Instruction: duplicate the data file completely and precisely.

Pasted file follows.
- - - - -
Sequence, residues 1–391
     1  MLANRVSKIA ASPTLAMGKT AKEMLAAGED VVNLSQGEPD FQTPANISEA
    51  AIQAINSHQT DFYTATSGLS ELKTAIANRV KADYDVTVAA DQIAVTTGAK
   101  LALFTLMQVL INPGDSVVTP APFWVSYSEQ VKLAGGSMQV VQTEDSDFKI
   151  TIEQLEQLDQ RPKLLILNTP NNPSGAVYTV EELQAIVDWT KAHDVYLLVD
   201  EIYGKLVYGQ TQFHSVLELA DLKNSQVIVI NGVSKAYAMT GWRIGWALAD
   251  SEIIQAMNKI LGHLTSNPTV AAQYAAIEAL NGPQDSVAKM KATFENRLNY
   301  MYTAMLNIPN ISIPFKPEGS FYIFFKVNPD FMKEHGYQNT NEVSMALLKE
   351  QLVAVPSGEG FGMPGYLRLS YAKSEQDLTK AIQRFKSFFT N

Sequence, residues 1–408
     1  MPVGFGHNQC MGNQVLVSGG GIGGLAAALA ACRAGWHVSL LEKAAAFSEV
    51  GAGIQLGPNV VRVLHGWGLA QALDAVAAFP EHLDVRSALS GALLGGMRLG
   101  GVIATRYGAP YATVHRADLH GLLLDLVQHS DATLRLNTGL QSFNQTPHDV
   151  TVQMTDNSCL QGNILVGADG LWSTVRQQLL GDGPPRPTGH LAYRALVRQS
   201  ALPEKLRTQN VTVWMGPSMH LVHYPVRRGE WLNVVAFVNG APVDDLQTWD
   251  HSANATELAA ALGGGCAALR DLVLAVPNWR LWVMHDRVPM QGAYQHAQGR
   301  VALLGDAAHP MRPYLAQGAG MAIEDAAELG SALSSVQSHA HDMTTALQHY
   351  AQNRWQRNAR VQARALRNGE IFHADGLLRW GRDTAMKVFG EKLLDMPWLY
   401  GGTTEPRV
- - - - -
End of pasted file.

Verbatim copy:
Sequence, residues 1–391
     1  MLANRVSKIA ASPTLAMGKT AKEMLAAGED VVNLSQGEPD FQTPANISEA
    51  AIQAINSHQT DFYTATSGLS ELKTAIANRV KADYDVTVAA DQIAVTTGAK
   101  LALFTLMQVL INPGDSVVTP APFWVSYSEQ VKLAGGSMQV VQTEDSDFKI
   151  TIEQLEQLDQ RPKLLILNTP NNPSGAVYTV EELQAIVDWT KAHDVYLLVD
   201  EIYGKLVYGQ TQFHSVLELA DLKNSQVIVI NGVSKAYAMT GWRIGWALAD
   251  SEIIQAMNKI LGHLTSNPTV AAQYAAIEAL NGPQDSVAKM KATFENRLNY
   301  MYTAMLNIPN ISIPFKPEGS FYIFFKVNPD FMKEHGYQNT NEVSMALLKE
   351  QLVAVPSGEG FGMPGYLRLS YAKSEQDLTK AIQRFKSFFT N

Sequence, residues 1–408
     1  MPVGFGHNQC MGNQVLVSGG GIGGLAAALA ACRAGWHVSL LEKAAAFSEV
    51  GAGIQLGPNV VRVLHGWGLA QALDAVAAFP EHLDVRSALS GALLGGMRLG
   101  GVIATRYGAP YATVHRADLH GLLLDLVQHS DATLRLNTGL QSFNQTPHDV
   151  TVQMTDNSCL QGNILVGADG LWSTVRQQLL GDGPPRPTGH LAYRALVRQS
   201  ALPEKLRTQN VTVWMGPSMH LVHYPVRRGE WLNVVAFVNG APVDDLQTWD
   251  HSANATELAA ALGGGCAALR DLVLAVPNWR LWVMHDRVPM QGAYQHAQGR
   301  VALLGDAAHP MRPYLAQGAG MAIEDAAELG SALSSVQSHA HDMTTALQHY
   351  AQNRWQRNAR VQARALRNGE IFHADGLLRW GRDTAMKVFG EKLLDMPWLY
   401  GGTTEPRV